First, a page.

Have a hankering for Scandinavian food with a bit of fun? Ever wanted to drink a beer out of a horn or choose your knife? Mjølner in Redfern is a slightly hidden away bar and restaurant that serves up Viking worthy food!
"Just remember we're a fun dining restaurant, not a fine dining restaurant," says the manager of Mjølner before clarifying that if we want to pick up a bone with your hands and gnaw on it, that's fine with them.
The first thing is that you have to find Mjølner. I stood outside in the chilly winter breeze for a few minutes messaging everyone about its location. It turns out I only really needed to look behind me, not for a sign but a wooden door with the Mjølner crest on it. That's it above so you can look out for it. Don't be like me.
Upon entering what would a Viking do? Drink of skål of course. We pick up a small glass cup and they pour us each a complimentary serve of delicious honey mead. We skål and toast to good health. The glasses aren't made for resting on a table with liquid in them which is why you skål it all.
A waiter says that Mjølner (the hammer of Thor) is where they'd like to think Thor or vikings would hang out if they were around today. And there are two other things that might lure vikings here. First is beer drunk from horns-all bottled beers can be served in enormous horns.
They instruct us to keep the tip of the horns either to our left or right to avoid air bubbles and beer splashes. It's rather splendid for a while although once Viggo finishes his first beer, he goes back to using the bottle over the horn. Progress over hundreds of years and all.
Then our waitress comes bearing a leather roll of knives. Everyone gets to choose the knife that they eat with. There's a selection of different knives, all with different handles - Louise picks a metal bird handle, Viggo a metal handle while Mr NQN and I go for bone handles. They're heavier and bulkier and when you pick one up you feel as though you're going to eat something Viking style. The knives themselves look more menacing than they are and aren't overly sharp.
They recommend one entree, main, side and dessert although I think that's probably way too much food especially as the mains are very meat heavy. The chef is Tom Gripton formerly of Monopole. We start with some gin and juniper cured gravlax ocean trout which is gorgeous and served with pickled cucumber, horseradish cream and a paper thin linseed crisp.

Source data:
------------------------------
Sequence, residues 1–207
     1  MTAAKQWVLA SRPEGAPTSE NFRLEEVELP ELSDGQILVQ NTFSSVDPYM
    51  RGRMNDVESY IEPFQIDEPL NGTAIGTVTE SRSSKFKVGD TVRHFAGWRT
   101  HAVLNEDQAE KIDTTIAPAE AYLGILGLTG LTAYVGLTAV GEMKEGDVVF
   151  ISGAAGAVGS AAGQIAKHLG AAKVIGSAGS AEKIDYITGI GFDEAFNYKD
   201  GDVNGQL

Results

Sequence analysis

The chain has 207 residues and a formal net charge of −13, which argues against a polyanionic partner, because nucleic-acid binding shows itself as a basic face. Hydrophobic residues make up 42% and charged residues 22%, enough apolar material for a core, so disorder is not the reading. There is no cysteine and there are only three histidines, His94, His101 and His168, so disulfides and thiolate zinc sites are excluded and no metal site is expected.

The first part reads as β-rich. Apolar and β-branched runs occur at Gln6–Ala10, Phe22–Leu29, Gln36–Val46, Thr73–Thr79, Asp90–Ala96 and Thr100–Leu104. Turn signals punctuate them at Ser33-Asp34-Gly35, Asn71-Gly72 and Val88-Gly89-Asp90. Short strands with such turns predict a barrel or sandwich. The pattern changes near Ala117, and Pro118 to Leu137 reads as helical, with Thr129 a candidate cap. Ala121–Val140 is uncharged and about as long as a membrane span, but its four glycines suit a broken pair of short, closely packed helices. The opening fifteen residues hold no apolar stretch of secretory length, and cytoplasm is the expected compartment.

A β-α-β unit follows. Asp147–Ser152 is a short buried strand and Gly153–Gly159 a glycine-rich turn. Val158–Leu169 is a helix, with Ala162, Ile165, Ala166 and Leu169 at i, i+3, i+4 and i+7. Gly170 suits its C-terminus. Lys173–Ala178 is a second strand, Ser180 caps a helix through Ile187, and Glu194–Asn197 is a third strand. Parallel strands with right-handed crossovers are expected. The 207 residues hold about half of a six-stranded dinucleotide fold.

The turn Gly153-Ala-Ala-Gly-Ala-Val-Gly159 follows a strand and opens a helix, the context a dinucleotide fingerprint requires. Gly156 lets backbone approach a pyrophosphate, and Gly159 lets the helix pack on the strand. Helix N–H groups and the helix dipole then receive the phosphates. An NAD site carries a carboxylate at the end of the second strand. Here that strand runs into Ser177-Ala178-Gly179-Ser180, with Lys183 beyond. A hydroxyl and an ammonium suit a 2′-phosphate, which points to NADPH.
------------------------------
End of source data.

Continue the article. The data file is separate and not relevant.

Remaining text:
Then we try the pig's head terrine, a mild flavoured terrine quite firm in texture served with a dill and parsley salad and chopped pistachios. There are thin crackers that are perhaps a bit too thin for the firm terrine to spread.
Then there's the bone marrow with a pork and beef powder on top. This comes with slices of light rye bread. This is pretty fabulous, the jellied marrow spreads easily on the bread.
The last entree is the cauliflower with brown butter and balsamic sauce and pepitas. It's a sizeable entree that I go back to a few times and actually would go well with the mains.
Mains come out in a timely manner and the signature dish is the lamb chump. It's a 800g piece of bone in lamb that has been roasted in the oven to a compact size designed for sharing. It's very soft with some appealingly crispy skin but it is quite strong in lamb flavour. Louise is however a big fan.
I adore the dry aged pork belly (there's a huge display wall of dry ageing meats) once I get a little bit of salt on it. The meat is soft and unctuous and the rind crunchy and it's served with kale chips and pickled beetroot with a sweet puree.
The beef short rib with thinly sliced Jerusalen artichoke and juniper comes off the enormous bone easily but given how meat heavy the mains are, it feels a bit too rich. Perhaps we should have ordered the fish or the vegetarian dish but we're all meated out. That's not to say that it isn't good but as most of us left the short rib til last to taste and it's a bit heavy.
The roasted celeriac is served with a garlic confit cream and roasted until caramelised with maple syrup. This is well loved by everyone at the table.
I'm a literal person at times so when the menu said "baby potato" I thought, "Hmmm I hope there's more than one baby potato." Don't worry literal friends there is more than one baby potato. They're served on clouds of horseradish cream-a perfect side dish to go with meat.
Lightness comes in the form of two desserts. The mascarpone dessert is sweet, not just a straight mascarpone but sweetened. It is ringed with a plum sauce, candied macadamias and charred lemon.
The rice pudding is immediately compared to Danish Viggo's traditional risalamande. It comes up well with a slight citrus flavour to it and a scoop of salted caramel dulce de leche for sweetness or a quennelle of rhubarb if you want to make it more refreshing.
So tell me Dear Reader, do you find theme restaurants like these fun? Which knife would you choose? Have you ever drunk from a horn?
267 Cleveland St, Redfern NSW 2016
Hours: Open today · 5pm–12am
Phone: 0422 263 226
Tuesday to Saturday 5pm-midnight Sunday 12noon-10pm